ARRL

Responsibilities

Responsibilities

Amateur Responsibilities

 

Let's cut to the chase -- most hams want the answer to one question: "When one of my neighbors has an interference problem, what do the rules say about whether it is my fault or not?" This question is especially important if one of your neighbors raises it. The bottom line is simple: The amateur is responsible for the proper operation of his or her station. This means that all Part 97 rules must be followed at all times. If the amateur isn't experiencing a problem with his own consumer equipment, it's a pretty sure bet that his equipment isn't at fault.

As an amateur, you are directly responsible for interference that results from FCC rules violations at your station. In the RFI world, this means that if your station is transmitting signals outside the amateur band that cause interference to other radio services, it is your responsibility. This is the only specific requirement under Part 97 rules.

The owner of a transmitter which emits spurious emissions, is responsible for making sure that the transmitter meets all technical specifications of the service in which it operates. In the Amateur Radio Service, Subpart D of Part 97 gives standards for amateur transmissions.

Consumer Responsibilities

 

The consumer is responsible for cooperating with the amateur, the manufacturer and the FCC as a solution to the problem is sought. However, nonamateurs experiencing RFI often don't understand many of the technical concepts that are vital to resolving an RFI problem. When you first start talking about FCC rules with your neighbor, start by talking about what the rules require of you, as a radio operator. At this point, your neighbor will probably be listening, because you are talking about what you must do. You can then explain the other possible causes of interference, show them the actual rules and explain that the rules apply equally to everyone.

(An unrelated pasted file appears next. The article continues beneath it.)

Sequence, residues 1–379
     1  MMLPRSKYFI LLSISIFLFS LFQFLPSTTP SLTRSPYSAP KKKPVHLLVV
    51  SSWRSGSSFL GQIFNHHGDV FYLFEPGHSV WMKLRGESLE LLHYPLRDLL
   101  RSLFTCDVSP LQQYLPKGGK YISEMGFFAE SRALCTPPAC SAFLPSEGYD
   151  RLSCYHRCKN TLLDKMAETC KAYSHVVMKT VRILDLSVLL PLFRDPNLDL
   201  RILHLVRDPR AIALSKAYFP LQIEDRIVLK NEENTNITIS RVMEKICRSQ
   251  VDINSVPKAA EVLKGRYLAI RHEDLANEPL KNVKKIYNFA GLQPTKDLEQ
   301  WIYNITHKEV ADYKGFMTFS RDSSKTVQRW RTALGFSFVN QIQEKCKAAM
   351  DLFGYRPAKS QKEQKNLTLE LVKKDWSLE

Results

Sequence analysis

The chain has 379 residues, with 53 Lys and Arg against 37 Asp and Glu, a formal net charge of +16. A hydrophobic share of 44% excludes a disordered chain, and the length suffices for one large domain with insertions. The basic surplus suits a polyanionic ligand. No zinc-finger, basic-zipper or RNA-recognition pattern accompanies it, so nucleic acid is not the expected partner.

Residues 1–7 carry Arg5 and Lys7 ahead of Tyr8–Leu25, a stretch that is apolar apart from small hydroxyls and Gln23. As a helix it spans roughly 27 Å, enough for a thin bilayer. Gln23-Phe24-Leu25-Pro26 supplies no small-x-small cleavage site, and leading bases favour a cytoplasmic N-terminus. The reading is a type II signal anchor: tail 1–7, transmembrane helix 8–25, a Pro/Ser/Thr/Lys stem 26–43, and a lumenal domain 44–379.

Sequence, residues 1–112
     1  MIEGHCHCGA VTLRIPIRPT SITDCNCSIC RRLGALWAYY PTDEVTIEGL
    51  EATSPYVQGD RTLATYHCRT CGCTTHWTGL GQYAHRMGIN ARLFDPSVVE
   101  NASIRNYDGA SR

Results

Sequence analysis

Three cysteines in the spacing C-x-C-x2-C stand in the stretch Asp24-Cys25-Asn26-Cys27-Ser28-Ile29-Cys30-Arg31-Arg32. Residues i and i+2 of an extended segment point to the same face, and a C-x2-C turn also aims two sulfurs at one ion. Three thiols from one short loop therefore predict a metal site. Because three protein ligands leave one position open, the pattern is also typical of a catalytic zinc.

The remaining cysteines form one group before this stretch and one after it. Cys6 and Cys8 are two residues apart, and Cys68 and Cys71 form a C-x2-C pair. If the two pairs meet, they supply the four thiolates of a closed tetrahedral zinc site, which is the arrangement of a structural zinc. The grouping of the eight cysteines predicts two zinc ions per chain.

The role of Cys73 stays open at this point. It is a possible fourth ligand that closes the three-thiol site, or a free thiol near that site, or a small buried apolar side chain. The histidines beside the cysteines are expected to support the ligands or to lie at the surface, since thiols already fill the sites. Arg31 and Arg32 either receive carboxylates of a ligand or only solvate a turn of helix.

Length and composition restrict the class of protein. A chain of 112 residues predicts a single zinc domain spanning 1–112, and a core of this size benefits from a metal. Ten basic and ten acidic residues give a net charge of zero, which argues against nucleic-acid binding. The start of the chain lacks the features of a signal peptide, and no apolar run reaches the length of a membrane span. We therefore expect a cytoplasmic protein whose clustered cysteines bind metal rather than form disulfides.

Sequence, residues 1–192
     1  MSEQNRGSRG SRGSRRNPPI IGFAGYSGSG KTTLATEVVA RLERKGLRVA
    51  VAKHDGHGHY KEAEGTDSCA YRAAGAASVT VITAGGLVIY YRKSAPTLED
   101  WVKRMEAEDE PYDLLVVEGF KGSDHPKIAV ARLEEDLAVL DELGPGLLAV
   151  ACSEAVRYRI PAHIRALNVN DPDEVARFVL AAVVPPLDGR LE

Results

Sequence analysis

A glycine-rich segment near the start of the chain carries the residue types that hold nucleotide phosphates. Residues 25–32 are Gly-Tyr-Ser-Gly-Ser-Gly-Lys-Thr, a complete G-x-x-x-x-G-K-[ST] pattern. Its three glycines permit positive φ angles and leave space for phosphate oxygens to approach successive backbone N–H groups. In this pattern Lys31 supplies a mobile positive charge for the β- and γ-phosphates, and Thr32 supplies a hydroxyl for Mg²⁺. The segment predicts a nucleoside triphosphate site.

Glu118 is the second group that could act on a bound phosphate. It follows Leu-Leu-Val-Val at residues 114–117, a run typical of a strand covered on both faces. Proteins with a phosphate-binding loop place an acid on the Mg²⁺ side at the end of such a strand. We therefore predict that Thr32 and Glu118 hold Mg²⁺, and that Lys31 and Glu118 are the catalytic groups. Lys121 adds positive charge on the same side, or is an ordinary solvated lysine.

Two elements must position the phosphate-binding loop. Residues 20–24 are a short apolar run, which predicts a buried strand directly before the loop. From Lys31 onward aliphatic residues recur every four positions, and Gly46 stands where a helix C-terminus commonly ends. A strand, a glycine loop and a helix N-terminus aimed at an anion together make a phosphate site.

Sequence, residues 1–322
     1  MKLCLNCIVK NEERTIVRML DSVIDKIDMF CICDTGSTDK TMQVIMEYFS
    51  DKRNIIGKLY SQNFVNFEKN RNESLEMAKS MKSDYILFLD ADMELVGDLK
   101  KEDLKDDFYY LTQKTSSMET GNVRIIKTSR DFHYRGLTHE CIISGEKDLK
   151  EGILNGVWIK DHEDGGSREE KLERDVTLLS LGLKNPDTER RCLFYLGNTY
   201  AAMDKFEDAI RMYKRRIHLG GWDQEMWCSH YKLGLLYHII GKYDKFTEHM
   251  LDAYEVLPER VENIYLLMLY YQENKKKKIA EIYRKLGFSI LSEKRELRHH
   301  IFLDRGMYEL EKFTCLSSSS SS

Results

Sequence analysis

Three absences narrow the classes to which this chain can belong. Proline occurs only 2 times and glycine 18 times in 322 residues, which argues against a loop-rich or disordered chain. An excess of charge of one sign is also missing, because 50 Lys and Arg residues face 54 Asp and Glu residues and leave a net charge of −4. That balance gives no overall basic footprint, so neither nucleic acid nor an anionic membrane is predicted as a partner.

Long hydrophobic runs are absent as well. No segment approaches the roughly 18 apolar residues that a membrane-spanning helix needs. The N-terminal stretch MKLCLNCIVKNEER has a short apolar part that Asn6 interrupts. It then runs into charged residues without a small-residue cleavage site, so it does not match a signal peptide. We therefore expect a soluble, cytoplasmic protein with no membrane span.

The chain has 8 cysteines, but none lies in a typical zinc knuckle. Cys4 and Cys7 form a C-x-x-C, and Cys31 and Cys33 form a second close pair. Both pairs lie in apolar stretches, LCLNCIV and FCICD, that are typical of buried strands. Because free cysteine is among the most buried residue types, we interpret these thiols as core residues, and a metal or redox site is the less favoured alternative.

In its Interference Handbook, the FCC is very clear in its advice to consumers faced with interference problems. This publication can help get amateurs "off the hook" when the interference isn't caused by the amateur transceiver.

Page 1 of this publication states:

I. Check the Installation of Your Equipment

Many interference problems are the direct result of poor equipment installation. Cost cutting manufacturing techniques, such as insufficient shielding or inadequate filtering, may also cause your equipment to react to a nearby radio transmitter. This is not the fault of the transmitter and little can be done to the transmitter to correct the problem. If a correction cannot be made at the transmitter, actions must be taken to stop your equipment from reacting to the transmitter. These methods may be as easy as adjusting your equipment or replacing a broken wire. These and other simple corrections may be accomplished without the help of a service technician.

Never underestimate the importance of personal diplomacy when you're confronted with an RFI problem.

The way you behave when your neighbor comes knocking sets the tone for everything that follows. No matter what you think of your neighbor, you have to remember that the best solutions are built on cooperation and trust. Knowing all the technical tricks in the book won't do you a bit of good if your neighbor won't even talk to you!

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